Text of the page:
which it has been explicitly requested.

@item -nw
Start up XEmacs in TTY mode (using the TTY XEmacs was started from),
rather than trying to connect to an X display.  Note that this happens
automatically if the @samp{DISPLAY} environment variable is not set.

@item -debug-init
Enter the debugger if an error in the init file occurs.

@item -debug-paths
Displays information on how XEmacs constructs the various paths into its
hierarchy on startup.  (See also @pxref{Startup Paths}.)

@item -unmapped
Do not map the initial frame.  This is useful if you want to start up
XEmacs as a server (e.g. for gnuserv screens or external client widgets).

@item -no-init-file
@itemx -q
Do not load your Emacs init file @file{~/.emacs}.

@item -no-site-file
Do not load the site-specific init file @file{lisp/site-start.el}.

@item -no-autoloads
Do not load global symbol files (@file{auto-autoloads}) at startup.
This implies @samp{-vanilla}. 

@item -no-early-packages
Do not process early packages.  (For more information on startup issues
concerning the package system, @xref{Startup Paths}.)

@item -vanilla
This is equivalent to @samp{-q -no-site-file -no-early-packages}.

@item -user @var{user}
@itemx -u @var{user}
Load @var{user}'s Emacs init file @file{~@var{user}/.emacs} instead of
your own.


@end table

@vindex command-line-args
  Note that the init file can get access to the command line argument
values as the elements of a list in the variable
@code{command-line-args}.  (The arguments in the second table above will
already have been processed and will not be in the list.)  The init file
can override the normal processing of the other arguments by setting
this variable.

  One way to use command switches is to visit many files automatically:

@example
xemacs *.c
@end example

@noindent
passes each @code{.c} file as a separate argument to Emacs, so that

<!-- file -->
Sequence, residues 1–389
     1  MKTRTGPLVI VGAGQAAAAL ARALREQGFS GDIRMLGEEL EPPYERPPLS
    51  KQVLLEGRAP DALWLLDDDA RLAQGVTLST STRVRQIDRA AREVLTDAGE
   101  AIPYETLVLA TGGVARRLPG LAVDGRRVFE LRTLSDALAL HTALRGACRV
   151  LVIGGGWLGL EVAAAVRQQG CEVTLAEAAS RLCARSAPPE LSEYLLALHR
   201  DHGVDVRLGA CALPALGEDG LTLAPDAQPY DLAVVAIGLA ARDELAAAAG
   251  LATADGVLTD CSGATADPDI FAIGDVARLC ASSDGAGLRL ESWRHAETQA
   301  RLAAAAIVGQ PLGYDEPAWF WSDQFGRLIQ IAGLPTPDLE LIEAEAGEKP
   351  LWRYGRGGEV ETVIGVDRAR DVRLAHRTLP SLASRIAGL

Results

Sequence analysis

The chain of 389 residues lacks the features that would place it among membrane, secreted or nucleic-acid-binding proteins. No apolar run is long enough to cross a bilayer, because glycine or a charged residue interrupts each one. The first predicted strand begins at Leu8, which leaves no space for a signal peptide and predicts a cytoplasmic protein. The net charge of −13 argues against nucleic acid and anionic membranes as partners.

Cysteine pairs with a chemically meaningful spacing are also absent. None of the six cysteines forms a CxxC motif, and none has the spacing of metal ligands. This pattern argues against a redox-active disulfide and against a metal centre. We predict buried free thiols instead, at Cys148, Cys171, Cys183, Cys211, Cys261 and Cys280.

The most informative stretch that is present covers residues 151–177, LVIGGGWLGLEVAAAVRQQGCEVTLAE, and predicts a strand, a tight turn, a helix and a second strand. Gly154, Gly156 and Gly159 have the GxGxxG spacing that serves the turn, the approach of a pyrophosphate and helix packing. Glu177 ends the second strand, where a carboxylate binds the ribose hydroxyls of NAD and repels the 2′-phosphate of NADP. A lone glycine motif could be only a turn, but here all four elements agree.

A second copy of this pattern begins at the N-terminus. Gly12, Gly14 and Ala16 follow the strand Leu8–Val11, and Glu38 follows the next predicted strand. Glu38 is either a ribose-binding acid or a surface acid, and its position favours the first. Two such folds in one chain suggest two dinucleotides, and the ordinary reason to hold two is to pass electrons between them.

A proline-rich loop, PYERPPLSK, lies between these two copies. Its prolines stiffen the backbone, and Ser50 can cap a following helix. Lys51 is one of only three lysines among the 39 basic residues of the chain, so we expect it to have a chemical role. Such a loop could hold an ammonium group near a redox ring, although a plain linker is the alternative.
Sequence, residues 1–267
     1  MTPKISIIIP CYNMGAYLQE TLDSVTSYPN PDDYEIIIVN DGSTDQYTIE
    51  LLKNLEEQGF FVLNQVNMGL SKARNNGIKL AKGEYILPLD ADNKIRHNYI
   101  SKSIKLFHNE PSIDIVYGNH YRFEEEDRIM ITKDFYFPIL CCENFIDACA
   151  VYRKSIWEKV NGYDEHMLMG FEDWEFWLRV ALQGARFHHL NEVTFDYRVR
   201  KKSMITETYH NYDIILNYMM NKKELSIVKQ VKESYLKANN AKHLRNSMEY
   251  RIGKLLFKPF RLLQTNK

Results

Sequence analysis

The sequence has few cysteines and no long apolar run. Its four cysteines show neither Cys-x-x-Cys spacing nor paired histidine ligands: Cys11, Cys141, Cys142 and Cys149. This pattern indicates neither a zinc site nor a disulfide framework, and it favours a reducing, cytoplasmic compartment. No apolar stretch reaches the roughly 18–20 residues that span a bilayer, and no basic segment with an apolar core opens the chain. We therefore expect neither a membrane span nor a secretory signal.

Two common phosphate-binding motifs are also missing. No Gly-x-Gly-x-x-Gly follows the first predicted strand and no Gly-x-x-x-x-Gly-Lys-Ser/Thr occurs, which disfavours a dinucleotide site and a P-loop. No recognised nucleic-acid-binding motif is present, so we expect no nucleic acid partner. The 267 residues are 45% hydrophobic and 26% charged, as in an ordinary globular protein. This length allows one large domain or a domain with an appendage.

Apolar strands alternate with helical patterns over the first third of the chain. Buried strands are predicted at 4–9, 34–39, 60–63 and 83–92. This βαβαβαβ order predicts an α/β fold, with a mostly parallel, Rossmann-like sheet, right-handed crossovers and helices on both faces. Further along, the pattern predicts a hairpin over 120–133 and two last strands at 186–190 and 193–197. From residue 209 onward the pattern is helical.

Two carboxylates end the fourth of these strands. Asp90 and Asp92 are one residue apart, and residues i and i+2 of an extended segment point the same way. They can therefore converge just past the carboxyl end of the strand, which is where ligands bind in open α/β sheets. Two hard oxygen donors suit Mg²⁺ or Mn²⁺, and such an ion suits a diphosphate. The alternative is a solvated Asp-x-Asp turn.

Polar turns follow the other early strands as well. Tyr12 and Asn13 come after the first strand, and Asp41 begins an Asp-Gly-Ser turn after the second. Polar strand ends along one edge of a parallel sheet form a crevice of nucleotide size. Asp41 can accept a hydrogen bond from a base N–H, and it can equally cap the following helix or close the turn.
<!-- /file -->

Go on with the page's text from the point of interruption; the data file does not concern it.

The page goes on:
Emacs visits each file (@pxref{Visiting}).

  Here is an advanced example that assumes you have a Lisp program file
called @file{hack-c-program.el} which, when loaded, performs some useful
operation on the current buffer, expected to be a C program.

@example
xemacs -batch foo.c -l hack-c-program -f save-buffer -kill > log
@end example

@noindent
Here Emacs is told to visit @file{foo.c}, load @file{hack-c-program.el}
(which makes changes in the visited file), save @file{foo.c} (note that
@code{save-buffer} is the function that @kbd{C-x C-s} is bound to), and
then exit to the shell from which the command was executed.  @samp{-batch}
guarantees there will be no problem redirecting output to @file{log},
because Emacs will not assume that it has a display terminal to work
with.

@subsection Command Line Arguments (for XEmacs Under X)
@vindex frame-title-format
@vindex frame-icon-title-format
If you are running XEmacs under X, a number of options are
available to control color, border, and window title and icon name:

@table @samp
@item -title @var{title}
@itemx -wn @var{title}
@itemx -T @var{title}
Use @var{title} as the window title. This sets the
@code{frame-title-format} variable, which controls the title of the X
window corresponding to the selected frame.  This is the same format as
@code{mode-line-format}.

@item -iconname @var{title}
@itemx -in @var{title}
Use @var{title} as the icon name. This sets the
@code{frame-icon-title-format} variable, which controls the title of
the icon corresponding to the selected frame.

@item -mc @var{color}
Use @var{color} as the mouse color.

@item -cr @var{color}
Use @var{color} as the text-cursor foreground color.
@end table

In addition, XEmacs allows you to use a number of standard Xt
command line arguments. 

@table @samp

@item -background @var{color}
@itemx -bg @var{color}
Use @var{color} as the background color.

@item -bordercolor @var{color}
@itemx -bd @var{color}
Use @var{color} as the border color.

@item -borderwidth @var{width}
@itemx -bw @var{width}
Use @var{width} as the border width.

@item -display @var{display}
@itemx -d @var{display}
When running under the X window system, create the window containing the
Emacs frame on the display named @var{display}.

@item -foreground @var{color}
@itemx -fg @var{color}
Use @var{color} as the foreground color.

@item -font @var{name}
@itemx -fn @var{name}
Use @var{name} as the default font.

@item -geometry @var{spec}
@itemx -geom @var{spec}
@itemx -g @var{spec}
Use the geometry (window size and/or position) specified by @var{spec}.

@item -iconic
Start up iconified.

@item -rv
Bring up Emacs in reverse video.

@item -name @var{name}
Use the resource manager resources specified by @var{name}.
The default is to use the name of the program (@code{argv[0]}) as
the resource manager name.

@item -xrm
Read something into the resource database for this invocation of Emacs only.

@end table